A few days ago, I stopped to get coffee on my way to work. Once there, I also decided to add a breakfast sandwich to my order. It was one of those mornings where I had rushed out without throwing a yogurt into my bag, and I knew I’d be a total zombie later if I didn’t eat anything soon. I ordered a turkey sausage and egg white sandwich on a croissant along with my coffee, paid for both, and stepped to the side.
There was only one employee on duty, so she was doing everything – the register, the food, and the coffee. After she handed me my change, she turned away to pour the coffee and prepare the sandwich I had ordered. Upon realizing this, I glanced over my shoulder. Only then did I notice the two men in line behind me; one was checking his cell phone and the other looked annoyed that someone wasn’t immediately ready to help him.
Almost without thinking, I looked at the man behind me, smiled, and said, “Sorry.”
As I walked out of the coffee shop a few minutes later, I started thinking about this entire exchange. I couldn’t help but challenge my own behavior. Why did I feel the need to apologize? What was I actually apologizing for? I had done nothing wrong – I was a paying customer and had simply ordered a sandwich. It wasn’t my fault that there wasn’t another employee on staff at the moment. I didn’t cut the line to get in front of those two men; I had been there first. So why did I feel guilty enough to even say that I was sorry?
The incident was on my mind for the remainder of the day – so much so that I began to actively keep track of how many times I said “sorry” throughout the rest of the afternoon. And I’ll confess it right now – I apologize dozens of times a day. Literally – dozens.
If someone bumps into me, I’ll say that I’m sorry. If a friend and I start talking at the same time, I apologize. When I need a co-worker or student to repeat what they’ve just said because they spoke too quietly, I’ll pose it as a question: “Sorry?”
It would be almost comical, except it’s become instinct, so it isn’t really funny at all.
When we’re young, we are told that we need to ask nicely for what we want. We are taught “please” and “thank you.” We learn to say “excuse me” to kindly acknowledge that we are in another person’s physical bubble. These words and phrases become embedded in our vocabulary. Politeness is, of course, a good thing – but where do we draw the line between common courtesy and simply apologizing for our very existence?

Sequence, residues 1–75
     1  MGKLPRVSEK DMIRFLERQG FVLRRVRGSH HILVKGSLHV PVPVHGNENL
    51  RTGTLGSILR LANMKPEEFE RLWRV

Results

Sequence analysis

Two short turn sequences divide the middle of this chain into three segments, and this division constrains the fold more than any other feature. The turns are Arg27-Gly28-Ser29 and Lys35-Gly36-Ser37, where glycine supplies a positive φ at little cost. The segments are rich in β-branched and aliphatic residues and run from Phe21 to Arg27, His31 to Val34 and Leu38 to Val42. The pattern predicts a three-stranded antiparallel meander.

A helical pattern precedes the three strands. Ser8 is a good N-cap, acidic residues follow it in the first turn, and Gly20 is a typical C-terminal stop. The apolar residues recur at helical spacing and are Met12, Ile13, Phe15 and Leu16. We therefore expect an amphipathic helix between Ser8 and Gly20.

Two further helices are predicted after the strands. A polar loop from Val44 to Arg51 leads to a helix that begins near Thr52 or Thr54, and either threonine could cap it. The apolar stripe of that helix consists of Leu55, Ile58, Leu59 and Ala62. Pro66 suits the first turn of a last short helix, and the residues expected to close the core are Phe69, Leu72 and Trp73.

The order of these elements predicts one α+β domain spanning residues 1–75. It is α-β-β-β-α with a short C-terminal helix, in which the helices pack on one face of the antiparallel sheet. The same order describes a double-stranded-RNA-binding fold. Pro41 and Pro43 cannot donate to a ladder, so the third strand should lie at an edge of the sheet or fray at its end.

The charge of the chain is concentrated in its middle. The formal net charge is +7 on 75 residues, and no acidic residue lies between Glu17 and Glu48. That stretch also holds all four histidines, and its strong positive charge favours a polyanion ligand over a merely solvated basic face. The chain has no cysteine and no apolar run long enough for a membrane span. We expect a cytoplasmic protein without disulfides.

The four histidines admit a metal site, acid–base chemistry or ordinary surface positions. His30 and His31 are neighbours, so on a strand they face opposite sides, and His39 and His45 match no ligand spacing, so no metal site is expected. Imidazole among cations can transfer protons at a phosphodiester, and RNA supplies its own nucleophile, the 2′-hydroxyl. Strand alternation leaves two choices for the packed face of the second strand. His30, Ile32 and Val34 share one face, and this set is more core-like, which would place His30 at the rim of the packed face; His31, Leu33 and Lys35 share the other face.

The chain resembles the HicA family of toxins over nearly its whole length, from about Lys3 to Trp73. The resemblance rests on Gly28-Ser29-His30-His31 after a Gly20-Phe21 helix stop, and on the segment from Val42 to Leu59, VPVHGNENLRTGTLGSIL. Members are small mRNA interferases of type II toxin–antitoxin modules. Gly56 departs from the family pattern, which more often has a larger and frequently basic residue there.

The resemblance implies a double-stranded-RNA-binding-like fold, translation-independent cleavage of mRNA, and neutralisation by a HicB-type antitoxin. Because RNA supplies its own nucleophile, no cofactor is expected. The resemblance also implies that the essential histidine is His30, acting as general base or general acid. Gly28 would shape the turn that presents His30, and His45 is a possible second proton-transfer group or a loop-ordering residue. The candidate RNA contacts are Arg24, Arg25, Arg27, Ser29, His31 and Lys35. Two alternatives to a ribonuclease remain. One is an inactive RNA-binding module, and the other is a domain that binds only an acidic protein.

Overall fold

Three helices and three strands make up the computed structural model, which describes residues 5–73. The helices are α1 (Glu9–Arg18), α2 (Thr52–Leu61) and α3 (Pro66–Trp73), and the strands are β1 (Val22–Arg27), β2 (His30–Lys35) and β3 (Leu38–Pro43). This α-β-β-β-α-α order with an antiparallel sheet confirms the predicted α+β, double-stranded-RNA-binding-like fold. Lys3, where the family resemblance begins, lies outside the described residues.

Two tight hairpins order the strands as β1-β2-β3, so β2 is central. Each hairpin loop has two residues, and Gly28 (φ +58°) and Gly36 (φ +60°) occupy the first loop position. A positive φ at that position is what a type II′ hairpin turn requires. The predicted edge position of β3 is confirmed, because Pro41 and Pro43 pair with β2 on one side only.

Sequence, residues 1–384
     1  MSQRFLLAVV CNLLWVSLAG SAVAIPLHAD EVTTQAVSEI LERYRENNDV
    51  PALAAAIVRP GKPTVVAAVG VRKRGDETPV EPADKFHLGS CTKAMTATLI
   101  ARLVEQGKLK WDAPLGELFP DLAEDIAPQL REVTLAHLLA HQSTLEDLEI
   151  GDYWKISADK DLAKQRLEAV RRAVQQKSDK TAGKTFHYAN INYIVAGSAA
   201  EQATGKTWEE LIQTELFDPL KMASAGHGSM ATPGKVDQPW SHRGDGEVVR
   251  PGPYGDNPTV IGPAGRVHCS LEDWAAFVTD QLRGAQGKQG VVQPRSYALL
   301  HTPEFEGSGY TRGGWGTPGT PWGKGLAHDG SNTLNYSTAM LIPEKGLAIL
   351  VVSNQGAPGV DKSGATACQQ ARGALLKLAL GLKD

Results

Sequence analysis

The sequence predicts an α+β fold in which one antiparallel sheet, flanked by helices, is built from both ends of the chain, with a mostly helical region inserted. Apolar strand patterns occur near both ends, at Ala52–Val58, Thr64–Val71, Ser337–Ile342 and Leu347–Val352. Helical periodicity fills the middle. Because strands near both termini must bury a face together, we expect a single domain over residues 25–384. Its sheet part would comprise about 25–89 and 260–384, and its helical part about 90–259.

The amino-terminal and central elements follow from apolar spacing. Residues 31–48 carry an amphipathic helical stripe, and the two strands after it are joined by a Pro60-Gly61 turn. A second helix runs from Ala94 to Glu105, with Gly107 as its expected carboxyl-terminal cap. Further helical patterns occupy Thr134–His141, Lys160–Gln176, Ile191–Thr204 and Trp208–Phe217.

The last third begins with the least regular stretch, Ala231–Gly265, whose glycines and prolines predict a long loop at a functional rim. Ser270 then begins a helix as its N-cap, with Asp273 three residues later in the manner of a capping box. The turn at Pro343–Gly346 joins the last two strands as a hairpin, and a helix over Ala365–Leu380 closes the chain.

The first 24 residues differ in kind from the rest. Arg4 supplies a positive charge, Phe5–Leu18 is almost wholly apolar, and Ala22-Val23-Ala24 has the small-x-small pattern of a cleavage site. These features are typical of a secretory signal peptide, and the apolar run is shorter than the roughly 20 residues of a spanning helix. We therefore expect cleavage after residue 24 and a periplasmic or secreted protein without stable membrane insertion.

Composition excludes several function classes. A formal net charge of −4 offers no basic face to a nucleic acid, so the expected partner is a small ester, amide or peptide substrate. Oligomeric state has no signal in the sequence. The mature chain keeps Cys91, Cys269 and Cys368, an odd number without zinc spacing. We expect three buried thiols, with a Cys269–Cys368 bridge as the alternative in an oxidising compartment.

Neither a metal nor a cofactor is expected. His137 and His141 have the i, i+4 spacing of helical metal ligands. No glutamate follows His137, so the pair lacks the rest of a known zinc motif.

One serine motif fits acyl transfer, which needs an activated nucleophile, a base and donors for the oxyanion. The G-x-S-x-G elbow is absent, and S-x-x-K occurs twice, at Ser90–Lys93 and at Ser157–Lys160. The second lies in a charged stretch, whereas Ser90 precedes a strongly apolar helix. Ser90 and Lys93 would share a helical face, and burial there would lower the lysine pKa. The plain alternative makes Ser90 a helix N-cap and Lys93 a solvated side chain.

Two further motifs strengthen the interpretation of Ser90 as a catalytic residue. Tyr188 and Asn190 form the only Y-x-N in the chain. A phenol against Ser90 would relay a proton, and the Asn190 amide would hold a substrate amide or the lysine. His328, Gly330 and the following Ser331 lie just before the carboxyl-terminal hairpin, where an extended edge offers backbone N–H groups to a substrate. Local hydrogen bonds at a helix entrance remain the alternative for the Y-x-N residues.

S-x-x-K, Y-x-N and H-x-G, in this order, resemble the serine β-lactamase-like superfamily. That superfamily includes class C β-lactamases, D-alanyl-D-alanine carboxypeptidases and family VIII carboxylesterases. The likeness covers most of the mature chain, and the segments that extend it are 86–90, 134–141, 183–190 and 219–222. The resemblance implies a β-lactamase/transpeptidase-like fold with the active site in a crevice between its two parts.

As a woman, I can’t help but look at this from a female standpoint. Is there a reason – albeit a subconscious one – that I feel the need to sheepishly apologize when I didn’t even do anything wrong? To go one step further, do I really need to shoulder the blame for others – the barista, for being the only one on staff, or a stranger, who bumps into my handbag on the street?
The answer, of course, is no. Actually – hell no.
When we over-use phrases, they lose their meaning. When words fly off of our tongues without an afterthought, they become void of all weight – they merely turn into sounds of mindless chatter. Eventually, there will be little difference between the quick “sorry!” that one says mid-conversation and an actual apology that is well-deserved.
It’s time to trust ourselves a little bit more. We are capable of making decisions and owning them – we know right from wrong. We should find strength in understanding ourselves and knowing when we’ve done something that actually warrants an apology.
We are capable of walking through life confidently, taking pride in our movements and choices – even ones as simple as deciding to buy a breakfast sandwich from the only employee on duty.
Quite simply, it boils down to this:
We do not need to say we’re sorry for wrongdoings that do not exist. The sooner we embrace this as truth, the stronger we will become.